–Bremen Keasey

Men's Soccer

2017 was a historic year for the Wisconsin Badgers men’s soccer team. They won the Big Ten Tournament for the first time since 1995 and reached the Round of 16 in the NCAA Tournament. Chris Mueller led the nation in assists with 20 — the most in Division 1 since 2004 — and was drafted in the first round of the Major League Soccer draft by Orlando City SC. Wisconsin scored 45 goals last season with a potent attack lead by Mueller, along with forwards Tom Barlow and Mike Catalano who each hit double digit goals, and Mark Segbers who notched an additional seven assists. All four of those attackers have graduated and are in the professional ranks, and the Badgers are now led by a strong spine of veterans and young attackers.

This Season

The Badgers have had a mixed season so far, posting a 2-2-0 record in their first four games. Wisconsin was ranked 15th to start the season, but lost their opener 2-1 on the road to Grand Canyon University. After returning to Madison and earning a 2-0 win over Hartford, the Badgers suffered a heartbreaking overtime 1-0 loss to the No. 15 Fordham Rams at home in a game where they had many of chances to put away the game earlier. UW bounced back with a 1-0 win against Valparaiso in a downpour before to get back to .500 before a Illinois road trip.

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Player to Watch

With the sudden loss of four key attacking players to the professional ranks, UW is looking for a new group of forwards to recharge the offense. Collectively, the young forwards are the players to watch this season as the Badgers look to defend their Big Ten Tournament title. Freshman forward Andrew Akindele has had the best start to the season, scoring one goal and assisting another, freshman midfielder Olafur Olafsson has looked dangerous on the flank and has an assist, freshman forward Noah Melick got into a grove against Valparaiso, nearly scoring two goals and freshman forward Charles Spragg has played for the New Zealand U-20 national team. Wisconsin’s search for replacements looks promising, and the team will do well if the young attackers can find some goals.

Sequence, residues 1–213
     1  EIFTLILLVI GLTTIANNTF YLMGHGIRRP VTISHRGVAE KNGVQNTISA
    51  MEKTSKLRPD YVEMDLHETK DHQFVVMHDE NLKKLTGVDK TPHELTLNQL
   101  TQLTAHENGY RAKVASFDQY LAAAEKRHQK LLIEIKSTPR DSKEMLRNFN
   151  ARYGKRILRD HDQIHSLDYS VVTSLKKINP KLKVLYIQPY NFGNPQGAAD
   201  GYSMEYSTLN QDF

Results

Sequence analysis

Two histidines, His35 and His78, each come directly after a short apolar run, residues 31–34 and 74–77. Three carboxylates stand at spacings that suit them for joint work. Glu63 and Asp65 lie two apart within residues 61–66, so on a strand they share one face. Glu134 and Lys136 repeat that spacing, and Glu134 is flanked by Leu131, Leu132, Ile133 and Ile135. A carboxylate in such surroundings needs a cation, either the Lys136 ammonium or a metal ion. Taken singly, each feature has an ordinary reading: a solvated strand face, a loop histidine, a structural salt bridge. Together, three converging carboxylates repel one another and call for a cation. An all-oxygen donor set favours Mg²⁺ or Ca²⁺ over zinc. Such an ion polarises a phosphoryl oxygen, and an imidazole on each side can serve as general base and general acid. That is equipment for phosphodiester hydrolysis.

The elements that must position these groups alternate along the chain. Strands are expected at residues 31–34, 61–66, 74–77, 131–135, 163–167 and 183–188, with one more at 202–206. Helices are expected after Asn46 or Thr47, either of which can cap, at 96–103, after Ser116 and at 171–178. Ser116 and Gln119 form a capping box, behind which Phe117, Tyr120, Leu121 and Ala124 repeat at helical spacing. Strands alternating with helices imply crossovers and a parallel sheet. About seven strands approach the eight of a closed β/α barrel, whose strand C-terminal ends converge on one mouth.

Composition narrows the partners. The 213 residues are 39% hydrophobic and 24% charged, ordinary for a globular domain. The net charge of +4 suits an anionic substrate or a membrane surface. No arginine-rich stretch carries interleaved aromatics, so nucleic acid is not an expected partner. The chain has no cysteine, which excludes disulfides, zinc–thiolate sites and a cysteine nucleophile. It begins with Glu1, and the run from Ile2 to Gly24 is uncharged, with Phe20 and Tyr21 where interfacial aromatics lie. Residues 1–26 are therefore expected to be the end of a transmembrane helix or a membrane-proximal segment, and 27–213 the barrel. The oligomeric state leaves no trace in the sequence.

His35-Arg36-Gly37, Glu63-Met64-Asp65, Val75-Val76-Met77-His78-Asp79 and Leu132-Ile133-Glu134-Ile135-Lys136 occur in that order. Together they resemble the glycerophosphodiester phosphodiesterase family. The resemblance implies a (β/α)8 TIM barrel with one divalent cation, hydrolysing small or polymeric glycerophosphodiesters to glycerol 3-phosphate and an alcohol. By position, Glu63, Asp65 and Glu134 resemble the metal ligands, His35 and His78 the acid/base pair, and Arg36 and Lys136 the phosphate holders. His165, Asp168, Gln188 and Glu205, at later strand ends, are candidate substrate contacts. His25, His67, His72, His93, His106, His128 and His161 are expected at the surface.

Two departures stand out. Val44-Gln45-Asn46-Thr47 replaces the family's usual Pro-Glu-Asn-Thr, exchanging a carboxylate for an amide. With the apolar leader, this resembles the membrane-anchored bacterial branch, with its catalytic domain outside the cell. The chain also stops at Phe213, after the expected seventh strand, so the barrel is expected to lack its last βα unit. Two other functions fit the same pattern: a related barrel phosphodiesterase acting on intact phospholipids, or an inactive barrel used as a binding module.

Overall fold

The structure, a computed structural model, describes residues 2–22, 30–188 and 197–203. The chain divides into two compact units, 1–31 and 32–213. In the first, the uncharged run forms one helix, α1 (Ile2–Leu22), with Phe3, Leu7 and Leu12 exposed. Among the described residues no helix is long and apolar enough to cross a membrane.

–Bremen Keasey

Women's Soccer

Last Season

Wisconsin standout Dani Rhodes scored 11 goals last season, a third of the team’s total tally, en route to a 14-6-2 record. Highlights of the season included a win 1-0 in Charlottesville against the then-No. 3 Virginia Cavaliers — the school’s highest-ranked victory in program history. Rhodes scored the winner in that game, and freshman forward Cammie Murtha scored six goals last season including five game-winners of her own. After reaching the NCAA Tournament, the Badgers got a 5-0 win over Toledo in the first round but in a tough draw, they had to play No. 1-seeded South Carolina. Despite a 1-0 loss, things look promising for the Badgers as they return nine of their 11 starters this season.

This Season

Wisconsin has had a strong start to the season, going 4-1-0 with their only blemish a 3-0 home loss to the No. 3 Florida State Seminoles. On the road UW has wins over Kentucky, Washington and Portland and is entering a four game homestand. Now in her sophomore campaign, Murtha has led the Badgers with six points on the season from two goals and four assists. Senior scored two game-winning goals, one early in the season against Marquette and an overtime winner against Portland. Five players have scored for UW and junior forward Dani Rhodes has yet to get started, only getting one assist on the season.